Pinterest has just given users a new reason to lighten their wallets.
On Thursday, the image-curating community introduced savings alerts, so you can be notified when a product you’ve previously pinned is suddenly available for a lower price.
At its inception, savings alerts only work with retailers that are already part of Pinterest’s Rich Pins, a program in which companies add code to their sites so Pinterest can scrape them for additional information about pinned products—including when that information changes. According to Pinterest’s business blog, any company that wants into the program can find the necessary code on its developer site.
Pinterest isn’t at its heart a retail network, but it does drive more e-commerce traffic than Facebook, giving its investors high hopes. This latest rollout is an effort to get even the most passive users to consider turning pins into purchases.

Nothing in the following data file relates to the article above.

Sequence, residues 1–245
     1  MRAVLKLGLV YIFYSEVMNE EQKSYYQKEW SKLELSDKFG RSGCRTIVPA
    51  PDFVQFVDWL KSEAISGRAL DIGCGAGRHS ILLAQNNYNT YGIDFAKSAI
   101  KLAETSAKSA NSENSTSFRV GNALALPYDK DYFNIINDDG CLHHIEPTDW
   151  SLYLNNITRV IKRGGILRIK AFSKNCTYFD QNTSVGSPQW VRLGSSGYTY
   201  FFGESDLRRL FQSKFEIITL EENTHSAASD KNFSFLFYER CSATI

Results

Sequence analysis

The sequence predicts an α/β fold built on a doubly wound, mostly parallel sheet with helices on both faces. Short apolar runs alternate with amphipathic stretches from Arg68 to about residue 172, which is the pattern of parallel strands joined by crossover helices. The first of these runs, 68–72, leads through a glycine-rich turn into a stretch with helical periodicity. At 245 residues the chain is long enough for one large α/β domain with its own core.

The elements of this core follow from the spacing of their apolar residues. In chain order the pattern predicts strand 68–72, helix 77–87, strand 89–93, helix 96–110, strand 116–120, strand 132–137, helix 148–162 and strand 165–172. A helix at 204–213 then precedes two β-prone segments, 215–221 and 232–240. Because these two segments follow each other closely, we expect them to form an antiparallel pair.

More retail oriented competitors, like Fab and Fancy, have slept with one eye open waiting for Pinterest to turn on the cash spigot. Although Pinterest is a site primarily for collecting and curating, not buying, it does have 70 million user accounts. If it chose to turn commercial, it’d instantly be the biggest player in the field.
Savings alerts appear to be a step in that direction, although even if it causes a huge upsurge in purchases, Pinterest won’t profit directly. Instead, it might give the companies pinned there more incentive to drive Pinterest’s already substantial traffic.
Jon Jenkins, lead engineer at Pinterest, said the company currently has no plans to make money off its users. But that doesn't mean it's not above throwing an elbow or two at its rivals.